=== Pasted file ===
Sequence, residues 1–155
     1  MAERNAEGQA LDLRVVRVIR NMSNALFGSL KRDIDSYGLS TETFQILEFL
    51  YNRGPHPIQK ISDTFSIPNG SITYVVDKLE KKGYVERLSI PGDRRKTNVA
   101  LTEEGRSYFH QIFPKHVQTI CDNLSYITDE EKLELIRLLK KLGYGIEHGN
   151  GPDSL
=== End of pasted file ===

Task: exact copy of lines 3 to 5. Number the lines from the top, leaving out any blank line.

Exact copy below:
    51  YNRGPHPIQK ISDTFSIPNG SITYVVDKLE KKGYVERLSI PGDRRKTNVA
   101  LTEEGRSYFH QIFPKHVQTI CDNLSYITDE EKLELIRLLK KLGYGIEHGN
   151  GPDSL